Most of the DMPA-treated animals developed AIDS-like disease compared to non-DMPA macaques. A couple of other laboratories have also reported intravaginal transmission of RT-SHIV in DMPA-treated rhesus macaques [34, 35]. In these studies the peak plasma viremia levels were similar to this current study, however, none of the infected macaques developed AIDS-like illness. These studies did not test RT-SHIV for mucosal susceptibility in non-DMPA treated macaques. In any case, regardless of the higher clinicopathologic severity in DMPA-treated macaques, the non-DMPA RT-SHIV model could be considered more relevant for evaluating microbicide or therapeutic agents especially since there will be no systemic effects on immune system as well as no unnatural thinning of vaginal mucosa caused by DMPA. Besides, single exposure of a moderate 500 or 1,000 TCID50 dose of our RT-SHIV resulted in infection of all the exposed animals without DMPA treatment, and the peak viremia was similar to DMPA-treated animals observed in this and also in the other two studies [34, 35]. Furthermore, careful mucosal infectivity dose titration may determine that even lower amount of virus could infect 100% pigtail macaques as shown in another study where a much lower dose of this virus infected all the intravaginally exposed cynomolgus macaques without DMPA treatment .
Nonhuman primates provide a surrogate animal model for HIV/AIDS study since they can not be directly infected by HIV. Moreover, they are also significantly less susceptible to chimeric SHIV (SIV with HIV-1 envelope); therefore, infection of high percentage of macaques through mucosal exposure with SHIV remains to be a challenge. To circumvent this low susceptibility issue, two macaque models; single-dose DMPA and repeated low-dose (non-DMPA) infection models, have been investigated [11, 12, 42]. DMPA causes non-physiological thinning of vaginal epithelia to enhance virus penetration through mucosa. Also, evidence suggests that DMPA may have global effects on immune system as mentioned earlier . On the other hand, repeated low-dose model may achieve a high rate of macaque infection through large number of mucosal exposures; however, it is proved to be highly labor intensive, expensive and technically challenging. Overall, given the drawbacks of the two existing models, intravaginal susceptibility of 100% macaques by single dose of our RT-SHIV without DMPA-treatment (observed in this study) may prove to be a model of clear advantages over the both single-dose DMPA and repeated low-dose (non-DMPA) macaque models.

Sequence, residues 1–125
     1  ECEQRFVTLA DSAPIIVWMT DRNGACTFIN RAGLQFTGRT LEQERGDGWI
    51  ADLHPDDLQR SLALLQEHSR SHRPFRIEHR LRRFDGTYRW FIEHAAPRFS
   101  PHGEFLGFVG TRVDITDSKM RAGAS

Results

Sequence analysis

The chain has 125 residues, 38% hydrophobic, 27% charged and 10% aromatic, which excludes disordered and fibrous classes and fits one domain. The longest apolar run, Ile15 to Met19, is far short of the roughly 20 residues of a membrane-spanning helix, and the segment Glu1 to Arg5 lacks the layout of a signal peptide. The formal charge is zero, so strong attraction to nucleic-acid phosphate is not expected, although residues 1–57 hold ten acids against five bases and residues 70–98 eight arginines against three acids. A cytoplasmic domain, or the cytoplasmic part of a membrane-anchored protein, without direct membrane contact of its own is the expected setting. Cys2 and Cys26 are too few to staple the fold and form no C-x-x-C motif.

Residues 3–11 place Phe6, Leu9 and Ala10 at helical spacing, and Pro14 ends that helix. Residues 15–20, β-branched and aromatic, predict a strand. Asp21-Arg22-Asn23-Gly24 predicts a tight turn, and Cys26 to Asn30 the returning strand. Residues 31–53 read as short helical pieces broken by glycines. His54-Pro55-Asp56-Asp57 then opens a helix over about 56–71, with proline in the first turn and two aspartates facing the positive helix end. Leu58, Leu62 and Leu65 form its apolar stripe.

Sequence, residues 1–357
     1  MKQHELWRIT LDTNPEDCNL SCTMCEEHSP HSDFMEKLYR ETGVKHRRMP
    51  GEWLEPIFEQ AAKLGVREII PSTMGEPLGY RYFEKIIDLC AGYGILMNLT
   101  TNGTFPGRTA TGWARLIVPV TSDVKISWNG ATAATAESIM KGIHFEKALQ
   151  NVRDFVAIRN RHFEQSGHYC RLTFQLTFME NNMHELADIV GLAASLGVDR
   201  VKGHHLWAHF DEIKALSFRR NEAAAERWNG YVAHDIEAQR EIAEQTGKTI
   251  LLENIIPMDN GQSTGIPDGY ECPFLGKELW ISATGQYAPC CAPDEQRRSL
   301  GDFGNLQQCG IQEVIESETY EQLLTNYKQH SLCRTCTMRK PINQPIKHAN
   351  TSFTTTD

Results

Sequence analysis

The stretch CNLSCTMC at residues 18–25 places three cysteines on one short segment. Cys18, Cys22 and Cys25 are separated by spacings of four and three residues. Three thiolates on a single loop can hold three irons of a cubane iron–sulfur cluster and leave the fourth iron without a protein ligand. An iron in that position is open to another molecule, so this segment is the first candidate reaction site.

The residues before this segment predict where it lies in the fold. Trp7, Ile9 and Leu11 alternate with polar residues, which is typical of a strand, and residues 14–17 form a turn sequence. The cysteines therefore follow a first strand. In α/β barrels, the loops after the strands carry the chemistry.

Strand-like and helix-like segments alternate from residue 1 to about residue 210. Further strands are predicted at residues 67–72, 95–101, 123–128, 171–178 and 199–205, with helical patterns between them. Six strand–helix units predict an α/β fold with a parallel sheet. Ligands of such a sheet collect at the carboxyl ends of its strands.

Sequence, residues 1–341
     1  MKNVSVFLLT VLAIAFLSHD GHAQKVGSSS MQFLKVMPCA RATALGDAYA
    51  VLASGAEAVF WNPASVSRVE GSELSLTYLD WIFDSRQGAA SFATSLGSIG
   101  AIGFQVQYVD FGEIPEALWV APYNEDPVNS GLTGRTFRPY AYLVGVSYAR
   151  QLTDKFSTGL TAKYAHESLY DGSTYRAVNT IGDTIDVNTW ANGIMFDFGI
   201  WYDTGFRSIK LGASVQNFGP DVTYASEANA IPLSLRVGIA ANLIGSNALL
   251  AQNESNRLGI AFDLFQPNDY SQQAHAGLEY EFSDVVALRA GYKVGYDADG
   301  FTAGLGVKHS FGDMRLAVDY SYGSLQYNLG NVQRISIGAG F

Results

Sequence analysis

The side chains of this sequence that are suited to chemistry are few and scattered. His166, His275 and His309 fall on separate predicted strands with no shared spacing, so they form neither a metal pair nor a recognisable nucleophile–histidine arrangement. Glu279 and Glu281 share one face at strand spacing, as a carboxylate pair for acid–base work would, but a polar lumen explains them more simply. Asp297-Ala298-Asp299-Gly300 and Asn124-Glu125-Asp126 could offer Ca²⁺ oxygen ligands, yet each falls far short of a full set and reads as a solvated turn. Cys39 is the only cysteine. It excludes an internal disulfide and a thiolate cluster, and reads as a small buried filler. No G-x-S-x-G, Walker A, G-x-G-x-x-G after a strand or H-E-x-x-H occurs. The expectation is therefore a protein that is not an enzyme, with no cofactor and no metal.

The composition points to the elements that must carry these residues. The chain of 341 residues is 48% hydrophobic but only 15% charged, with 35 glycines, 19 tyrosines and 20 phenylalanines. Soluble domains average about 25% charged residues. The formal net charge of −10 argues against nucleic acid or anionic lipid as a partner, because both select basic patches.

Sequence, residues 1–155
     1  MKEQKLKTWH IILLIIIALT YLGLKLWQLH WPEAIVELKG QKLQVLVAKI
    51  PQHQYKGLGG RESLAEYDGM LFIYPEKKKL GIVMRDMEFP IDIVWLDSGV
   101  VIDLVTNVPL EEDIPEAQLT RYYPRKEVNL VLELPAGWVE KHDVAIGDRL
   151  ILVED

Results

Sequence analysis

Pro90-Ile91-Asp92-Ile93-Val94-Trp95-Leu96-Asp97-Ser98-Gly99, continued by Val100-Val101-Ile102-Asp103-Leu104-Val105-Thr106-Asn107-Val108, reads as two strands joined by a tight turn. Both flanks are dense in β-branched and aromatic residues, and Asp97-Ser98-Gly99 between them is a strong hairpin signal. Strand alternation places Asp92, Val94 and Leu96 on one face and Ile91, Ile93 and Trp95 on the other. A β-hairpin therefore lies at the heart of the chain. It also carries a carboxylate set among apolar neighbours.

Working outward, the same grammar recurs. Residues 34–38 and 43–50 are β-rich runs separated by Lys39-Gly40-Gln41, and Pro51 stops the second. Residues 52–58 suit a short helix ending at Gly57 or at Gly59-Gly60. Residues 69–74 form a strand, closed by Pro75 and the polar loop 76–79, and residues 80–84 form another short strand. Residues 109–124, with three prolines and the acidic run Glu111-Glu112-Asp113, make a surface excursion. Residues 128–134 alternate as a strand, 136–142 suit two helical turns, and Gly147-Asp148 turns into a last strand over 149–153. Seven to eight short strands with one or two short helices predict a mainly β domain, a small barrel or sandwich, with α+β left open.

In vitro studies confirmed that this RT-SHIV stock exhibits the critical characteristics of high replication capability in PBMCs from both humans and macaques, and the preferential use of CCR5-coreceptor for the viral entry into target cells. In vitro antiviral assays also revealed that RT-SHIV is sensitive to HIV-specific NNRTIs and other major classes of anti-HIV drugs. More importantly, in vivo study demonstrated that this virus is highly infectious and readily transmissible through vaginal mucosa of macaques, without pretreatment with DMPA (Depo Provera®). Thus, this RT-SHIV macaque model may have advantages over the existing models and could be suitable for preclinical efficacy evaluation of NNRTI-based microbicides or other prevention strategies against sexual transmission of HIV-1.
Materials and methods
The parental chimeric RT-SHIV virus (RT/SHIV/TC) kindly provided by Louis Alexander  was initially propagated in CEMx174 cells and tested in several in vitro studies using human lymphoid cell lines and PBMCs. To increase infectivity, this virus was serially passaged in CEMx174 cells and PBMCs from both healthy humans and Asian-origin macaques. Since this RT-SHIV replicates better in CEMx174 cells than in phytohemagglutinin (PHA)-stimulated PBMCs (Figure 1A,B), a large stock of actively propagating viruses (named RT-SHIV) was prepared in CEMx174 cells. The infectivity titer of this virus stock was also determined in CEMx174 cells as104TCID50/ml. SHIV89.6P was originally obtained from Keith Reimann  and propagated in PHA-stimulated PBMC from naïve pigtail macaques. HIV-1Lai, HIV-1BaL, SIVmac239 and SIVmac251were obtained from the NIH AIDS Research and Reference Reagent Program. SIV strains were also propagated and titrated in CEMx174 cells.